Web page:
After numerous studies linking night shifts or varied schedules with a risk of obesity and diabetes, a new study suggests that people with such routines that disrupt sleep are more likely to develop mental health issues, including depression and anxiety than those with a nine-to-five job.
Shift workers have 28 per cent more chances of suffering from mental health problems than the people who have a nine-to-five job, as per data which has been examined from seven previous studies involving 28,438 participants.
The study by researchers at the University of Exeter in the UK suggested shift workers were 33 per cent more likely to have depression, in particular, than those who did not work at nights or had irregular schedules.
"Shift-work alters the circadian rhythm -- our normal sleep-wake cycle which matches the day-night cycle. The disruption can make people moody and irritable, and lead to social isolation as their time off matches family and friend's work and life commitments," lead author Luciana Torquati explained.
The study published in the American Journal of Public Health said that those who worked in shifts also had a higher risk of developing anxiety, but the difference was too small to rule out the possibility that it was due to varied shifts.
Women, in particular, appeared vulnerable, with 78 per cent more chances of experiencing adverse mental health outcomes, in shift work, said researchers, compared to females who worked consistent weekday schedules.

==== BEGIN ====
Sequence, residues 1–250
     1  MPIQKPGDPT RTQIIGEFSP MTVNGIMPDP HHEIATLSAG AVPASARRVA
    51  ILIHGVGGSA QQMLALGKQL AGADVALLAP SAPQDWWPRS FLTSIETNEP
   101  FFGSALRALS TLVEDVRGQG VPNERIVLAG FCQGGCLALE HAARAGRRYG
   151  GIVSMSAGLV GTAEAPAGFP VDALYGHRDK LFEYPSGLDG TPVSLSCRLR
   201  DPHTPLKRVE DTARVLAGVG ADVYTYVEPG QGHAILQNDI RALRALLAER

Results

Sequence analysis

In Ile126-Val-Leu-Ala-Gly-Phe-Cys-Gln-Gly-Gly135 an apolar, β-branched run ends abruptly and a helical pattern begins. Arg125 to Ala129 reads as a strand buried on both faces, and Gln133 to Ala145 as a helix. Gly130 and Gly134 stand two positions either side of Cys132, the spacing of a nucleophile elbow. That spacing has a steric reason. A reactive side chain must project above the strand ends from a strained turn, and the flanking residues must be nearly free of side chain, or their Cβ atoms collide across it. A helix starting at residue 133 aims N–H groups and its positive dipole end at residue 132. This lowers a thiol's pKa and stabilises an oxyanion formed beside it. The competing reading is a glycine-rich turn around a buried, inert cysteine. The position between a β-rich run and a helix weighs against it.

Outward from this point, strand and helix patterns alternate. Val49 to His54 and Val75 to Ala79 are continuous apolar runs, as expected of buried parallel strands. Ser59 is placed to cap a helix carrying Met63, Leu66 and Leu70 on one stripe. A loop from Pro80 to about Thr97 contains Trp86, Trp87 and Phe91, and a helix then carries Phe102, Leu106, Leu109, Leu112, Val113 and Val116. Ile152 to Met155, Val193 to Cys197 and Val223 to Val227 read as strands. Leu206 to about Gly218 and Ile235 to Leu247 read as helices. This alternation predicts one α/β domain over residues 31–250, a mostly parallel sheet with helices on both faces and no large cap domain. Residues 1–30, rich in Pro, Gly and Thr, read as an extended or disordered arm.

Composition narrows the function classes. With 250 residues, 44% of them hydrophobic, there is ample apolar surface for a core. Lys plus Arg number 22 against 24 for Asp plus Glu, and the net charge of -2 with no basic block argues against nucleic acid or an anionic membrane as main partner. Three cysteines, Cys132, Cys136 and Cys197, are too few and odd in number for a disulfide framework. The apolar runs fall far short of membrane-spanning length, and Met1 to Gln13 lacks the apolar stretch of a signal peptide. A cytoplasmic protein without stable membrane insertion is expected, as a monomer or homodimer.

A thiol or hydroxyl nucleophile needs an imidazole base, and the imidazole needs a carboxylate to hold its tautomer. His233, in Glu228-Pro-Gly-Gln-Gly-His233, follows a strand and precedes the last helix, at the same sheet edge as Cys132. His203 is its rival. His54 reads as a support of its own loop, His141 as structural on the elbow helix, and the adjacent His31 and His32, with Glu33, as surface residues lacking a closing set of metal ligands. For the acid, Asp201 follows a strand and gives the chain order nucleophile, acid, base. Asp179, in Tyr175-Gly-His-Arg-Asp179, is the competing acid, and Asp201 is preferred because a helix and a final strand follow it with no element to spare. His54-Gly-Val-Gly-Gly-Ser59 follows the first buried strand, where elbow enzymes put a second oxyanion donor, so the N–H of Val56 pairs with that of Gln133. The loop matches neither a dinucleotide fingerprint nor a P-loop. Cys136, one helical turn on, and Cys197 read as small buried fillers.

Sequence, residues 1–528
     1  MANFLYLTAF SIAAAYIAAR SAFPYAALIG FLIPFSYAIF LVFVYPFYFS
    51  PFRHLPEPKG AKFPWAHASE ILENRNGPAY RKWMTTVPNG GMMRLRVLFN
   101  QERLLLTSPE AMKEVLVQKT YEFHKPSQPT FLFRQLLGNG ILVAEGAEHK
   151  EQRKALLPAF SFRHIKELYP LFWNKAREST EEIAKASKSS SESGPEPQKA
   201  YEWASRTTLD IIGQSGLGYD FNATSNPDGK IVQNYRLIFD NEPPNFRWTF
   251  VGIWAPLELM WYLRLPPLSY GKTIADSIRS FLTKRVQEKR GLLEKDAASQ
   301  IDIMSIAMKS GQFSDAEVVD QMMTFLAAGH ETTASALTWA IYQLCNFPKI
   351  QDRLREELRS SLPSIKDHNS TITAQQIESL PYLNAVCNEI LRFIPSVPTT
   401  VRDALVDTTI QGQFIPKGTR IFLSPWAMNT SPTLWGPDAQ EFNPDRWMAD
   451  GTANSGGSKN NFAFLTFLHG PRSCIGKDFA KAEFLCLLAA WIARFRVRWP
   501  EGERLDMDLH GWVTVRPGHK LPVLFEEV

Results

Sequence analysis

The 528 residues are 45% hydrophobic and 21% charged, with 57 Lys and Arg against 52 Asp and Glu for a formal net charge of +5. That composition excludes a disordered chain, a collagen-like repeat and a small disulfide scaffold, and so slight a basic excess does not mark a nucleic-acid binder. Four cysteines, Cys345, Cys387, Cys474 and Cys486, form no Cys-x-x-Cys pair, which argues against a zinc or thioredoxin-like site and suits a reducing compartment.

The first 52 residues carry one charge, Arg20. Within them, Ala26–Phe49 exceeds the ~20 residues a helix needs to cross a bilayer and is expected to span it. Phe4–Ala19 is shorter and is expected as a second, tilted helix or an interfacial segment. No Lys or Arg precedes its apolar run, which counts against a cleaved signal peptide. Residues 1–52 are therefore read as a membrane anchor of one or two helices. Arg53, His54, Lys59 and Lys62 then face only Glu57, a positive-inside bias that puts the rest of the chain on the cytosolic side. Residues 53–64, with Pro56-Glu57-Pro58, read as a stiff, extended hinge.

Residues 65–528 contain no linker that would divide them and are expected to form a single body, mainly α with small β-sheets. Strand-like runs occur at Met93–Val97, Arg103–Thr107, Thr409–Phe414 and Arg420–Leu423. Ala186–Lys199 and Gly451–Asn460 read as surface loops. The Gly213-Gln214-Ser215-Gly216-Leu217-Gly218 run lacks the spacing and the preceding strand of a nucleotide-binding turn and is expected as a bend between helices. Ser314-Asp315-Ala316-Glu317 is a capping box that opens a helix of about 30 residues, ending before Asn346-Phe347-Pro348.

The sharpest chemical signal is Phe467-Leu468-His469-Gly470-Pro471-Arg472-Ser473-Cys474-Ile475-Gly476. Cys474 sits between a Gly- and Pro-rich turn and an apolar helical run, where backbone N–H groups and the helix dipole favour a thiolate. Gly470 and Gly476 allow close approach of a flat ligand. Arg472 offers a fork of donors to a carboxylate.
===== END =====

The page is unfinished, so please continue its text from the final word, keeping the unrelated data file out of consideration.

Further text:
"It's possible that people with poor mental health wound up in jobs with irregular schedules, rather than developing mood disorders after they started working nights or inconsistent shifts," the findings suggested, highlighting the need for programs and policies to minimize shift workers' risk of poor mental health.
Depression accounts for 4.3 per cent of the global burden of disease, with mental disorders worldwide estimated to cost $16.3 million by 2030.
"The brain is programmed to sleep during night hours (absence of light) to recover from all the information processed during the day, while the daylight tells the brain it's time to be awake and process information," Torquati said, suggesting that workers and employees be aware of work schedule's potential impact on mental health.
Human beings' natural sleep cycle is controlled by a bundle of nerves in the hypothalamus called the suprachiasmatic nuclei (SCN).
The researcher added that limiting social isolation by finding time to exercise, going outside during daylight hours and spending time with family and friends may improve mood.
Another study suggested that between 10 and 40 percent of shift workers experienced Shift Work Sleep Disorder (SWSD), individuals with regularly shifting schedules most impacted, due to employee's non-traditional work hours.